Health Secretary Jeremy Hunt promises to come and view hospital shake-ups
HEALTH Secretary Jeremy Hunt has promised to come to see the impact hospital shakeups are having in Huddersfield and Dewsbury.
Paula Sherriff, MP for Dewsbury, Mirfield, Denby Dale and Kirkburton, has asked Mr Hunt to pay a visit several times and she did so again yesterday in the House of Commons.
And this time he said he would.
She said in Parliament: “I’ve repeatedly asked and I yet again ask the Secretary of State if he will visit my area to see for himself the damaging impact that the downgrades and closure of local hospital services in both Dewsbury and Huddersfield will have on my constituents.”
Mr Hunt responded by saying: “I am very happy to accept the invitation to visit her area which I will do but I know what I will see when I go there that there are 8,300 more people being treated within four hours at her local hospital where there are 42 more doctors and 56 more nurses than in 2010.”
Miss Sherriff said: “A year on since I invited the Health Secretary to come to Kirklees to better understand the implications of the downgrades to services at Dewsbury and Huddersfield I’m glad he has finally agreed to visit.
“It is vitally important that Mr Hunt understands the damage being done through his government’s mismanagement of the NHS. Taken together the downgrades will leave the whole of Kirklees – a population of some 430,000 people – without an Accident & Emergency department.
“Understandably, there are concerns over response times and capacity for people to travel further to reach hospital services. I hope that Mr Hunt will meet with staff and health service campaigners so that he can appreciate the depth of feeling among local people on this.”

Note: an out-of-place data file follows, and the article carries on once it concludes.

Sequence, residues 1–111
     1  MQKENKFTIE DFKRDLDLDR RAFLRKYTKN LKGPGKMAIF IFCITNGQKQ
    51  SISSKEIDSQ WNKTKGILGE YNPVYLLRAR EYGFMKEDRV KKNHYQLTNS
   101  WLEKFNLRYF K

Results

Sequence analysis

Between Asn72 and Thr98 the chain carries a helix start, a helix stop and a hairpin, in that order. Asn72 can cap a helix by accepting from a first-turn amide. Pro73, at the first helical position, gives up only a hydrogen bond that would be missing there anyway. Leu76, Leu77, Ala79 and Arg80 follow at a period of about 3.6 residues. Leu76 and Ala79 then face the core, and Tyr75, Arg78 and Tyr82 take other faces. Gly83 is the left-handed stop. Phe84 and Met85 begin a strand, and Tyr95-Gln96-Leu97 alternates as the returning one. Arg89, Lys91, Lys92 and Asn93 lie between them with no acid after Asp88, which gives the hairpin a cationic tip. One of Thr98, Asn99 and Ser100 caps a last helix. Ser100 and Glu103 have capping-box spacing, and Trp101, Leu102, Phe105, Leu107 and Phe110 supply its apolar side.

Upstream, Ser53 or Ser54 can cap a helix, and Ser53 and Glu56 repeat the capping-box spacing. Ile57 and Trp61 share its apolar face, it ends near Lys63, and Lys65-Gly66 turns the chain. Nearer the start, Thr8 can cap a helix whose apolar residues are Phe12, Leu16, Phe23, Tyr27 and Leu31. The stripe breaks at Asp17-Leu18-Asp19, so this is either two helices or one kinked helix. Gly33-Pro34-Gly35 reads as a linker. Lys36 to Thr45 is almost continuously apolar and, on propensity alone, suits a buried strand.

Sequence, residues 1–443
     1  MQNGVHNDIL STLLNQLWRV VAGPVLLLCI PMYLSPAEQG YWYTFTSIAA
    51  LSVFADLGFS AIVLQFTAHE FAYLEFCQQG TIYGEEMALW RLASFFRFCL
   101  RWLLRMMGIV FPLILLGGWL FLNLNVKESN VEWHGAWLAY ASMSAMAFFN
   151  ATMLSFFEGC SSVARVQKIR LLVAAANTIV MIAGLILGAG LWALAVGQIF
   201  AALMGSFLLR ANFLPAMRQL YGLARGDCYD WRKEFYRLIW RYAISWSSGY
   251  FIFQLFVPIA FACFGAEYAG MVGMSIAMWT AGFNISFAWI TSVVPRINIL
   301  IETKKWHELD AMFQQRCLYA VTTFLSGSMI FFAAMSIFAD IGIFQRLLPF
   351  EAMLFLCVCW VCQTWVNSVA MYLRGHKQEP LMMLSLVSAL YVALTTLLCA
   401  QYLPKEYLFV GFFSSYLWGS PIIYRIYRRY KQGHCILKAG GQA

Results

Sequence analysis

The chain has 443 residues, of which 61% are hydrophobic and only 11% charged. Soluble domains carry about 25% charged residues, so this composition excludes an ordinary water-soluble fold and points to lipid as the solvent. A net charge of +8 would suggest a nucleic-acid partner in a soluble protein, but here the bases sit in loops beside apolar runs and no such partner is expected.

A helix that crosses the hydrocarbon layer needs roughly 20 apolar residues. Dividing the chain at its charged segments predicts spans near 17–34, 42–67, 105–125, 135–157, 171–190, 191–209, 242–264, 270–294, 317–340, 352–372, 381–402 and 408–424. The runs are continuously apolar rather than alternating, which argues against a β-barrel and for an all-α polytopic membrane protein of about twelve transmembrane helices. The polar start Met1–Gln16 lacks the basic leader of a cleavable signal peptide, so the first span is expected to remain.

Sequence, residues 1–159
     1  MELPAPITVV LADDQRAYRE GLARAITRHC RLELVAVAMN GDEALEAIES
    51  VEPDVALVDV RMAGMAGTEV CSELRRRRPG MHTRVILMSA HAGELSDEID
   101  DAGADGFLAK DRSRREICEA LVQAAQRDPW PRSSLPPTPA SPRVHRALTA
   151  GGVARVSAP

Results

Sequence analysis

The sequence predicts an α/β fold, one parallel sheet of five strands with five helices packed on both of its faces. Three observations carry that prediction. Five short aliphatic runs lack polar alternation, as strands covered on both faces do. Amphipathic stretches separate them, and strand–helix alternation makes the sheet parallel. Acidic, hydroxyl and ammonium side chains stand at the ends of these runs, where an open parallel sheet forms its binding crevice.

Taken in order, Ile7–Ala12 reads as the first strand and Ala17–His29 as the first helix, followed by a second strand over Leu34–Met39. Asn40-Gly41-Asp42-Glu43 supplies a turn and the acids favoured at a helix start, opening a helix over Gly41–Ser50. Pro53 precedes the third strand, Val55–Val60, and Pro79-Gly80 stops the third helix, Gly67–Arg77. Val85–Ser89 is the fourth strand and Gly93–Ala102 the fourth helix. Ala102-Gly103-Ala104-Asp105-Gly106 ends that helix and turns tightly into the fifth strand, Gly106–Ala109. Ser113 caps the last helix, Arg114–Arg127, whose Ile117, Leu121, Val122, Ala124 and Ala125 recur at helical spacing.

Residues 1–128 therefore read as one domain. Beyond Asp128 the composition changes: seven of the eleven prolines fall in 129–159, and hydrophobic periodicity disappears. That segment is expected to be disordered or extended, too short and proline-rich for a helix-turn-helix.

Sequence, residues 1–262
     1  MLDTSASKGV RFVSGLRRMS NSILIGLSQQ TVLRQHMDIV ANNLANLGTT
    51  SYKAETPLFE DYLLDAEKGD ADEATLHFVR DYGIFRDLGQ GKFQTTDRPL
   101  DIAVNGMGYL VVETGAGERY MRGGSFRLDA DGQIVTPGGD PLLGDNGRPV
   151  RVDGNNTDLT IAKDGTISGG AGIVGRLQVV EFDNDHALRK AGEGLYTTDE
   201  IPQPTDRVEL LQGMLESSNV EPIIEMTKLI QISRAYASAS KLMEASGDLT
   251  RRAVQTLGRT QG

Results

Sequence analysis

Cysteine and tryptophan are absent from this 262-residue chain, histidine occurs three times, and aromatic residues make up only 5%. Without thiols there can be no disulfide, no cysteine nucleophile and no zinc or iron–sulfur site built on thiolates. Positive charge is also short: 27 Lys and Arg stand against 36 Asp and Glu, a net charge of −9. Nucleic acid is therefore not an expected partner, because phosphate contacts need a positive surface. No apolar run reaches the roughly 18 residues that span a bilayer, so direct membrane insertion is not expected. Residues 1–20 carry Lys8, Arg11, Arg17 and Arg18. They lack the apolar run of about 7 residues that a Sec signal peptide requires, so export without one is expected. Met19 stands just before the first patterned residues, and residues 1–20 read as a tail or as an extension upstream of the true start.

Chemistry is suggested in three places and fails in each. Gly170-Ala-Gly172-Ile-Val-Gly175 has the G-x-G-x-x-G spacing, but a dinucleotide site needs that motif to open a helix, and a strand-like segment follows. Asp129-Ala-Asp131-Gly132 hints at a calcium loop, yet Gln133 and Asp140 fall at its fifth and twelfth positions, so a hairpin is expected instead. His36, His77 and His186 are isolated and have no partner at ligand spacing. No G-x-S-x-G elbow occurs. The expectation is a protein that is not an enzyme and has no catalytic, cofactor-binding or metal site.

Miss Sherriff has written to Mr Hunt to confirm arrangements for his visit, asking that this be put in place as soon as possible.
Under the controversial plans Huddersfield Royal Infirmary would be demolished and replaced by a new hospital on the other side of Acre Street with just 64 beds. It would also see the loss of almost 500 jobs.
Its A&E would be shut and replaced by an urgent care centre. This would mean the A&E would only be at Calderdale Royal, which would be expanded to take all the acute services such as intensive care.
At the moment the health trust is paying out a fortune each month on an expensive Private Finance Initiative that was used to pay for Calderdale Royal Hospital and the debt is crippling its finances.
Calderdale Royal Hospital was built for £64m as part of a PFI agreement signed in 1998. But the deal is expected to cost the trust £774m in repayments by 2058. It is now costing the trust £22m a year.
In July councillors on the Joint Health Scrutiny Committee for Calderdale and Kirklees referred plans to reduce services at Huddersfield Royal Infirmary to the government, after hearing that the plans would mean fewer beds and a loss of jobs. Additionally they were not satisfied that questions on issues such as travel times, parking and the impact on care at home had been properly outlined.
The proposals will now be considered by Mr Hunt.
Huddersfield MP Barry Sheerman said that when Mr Hunt comes he will arrange for him to meet Prof Bob Cryan, Vice Chancellor of the University of Huddersfield, to discuss the possibility of transforming Huddersfield into a teaching hospital.
A few months ago he said: “We should have a real plan with a gold-standard university for a new medical school in Huddersfield so that we can really attract talent.
“That would do a great deal for morale which would lead to the recruitment of good doctors and nurses everywhere.”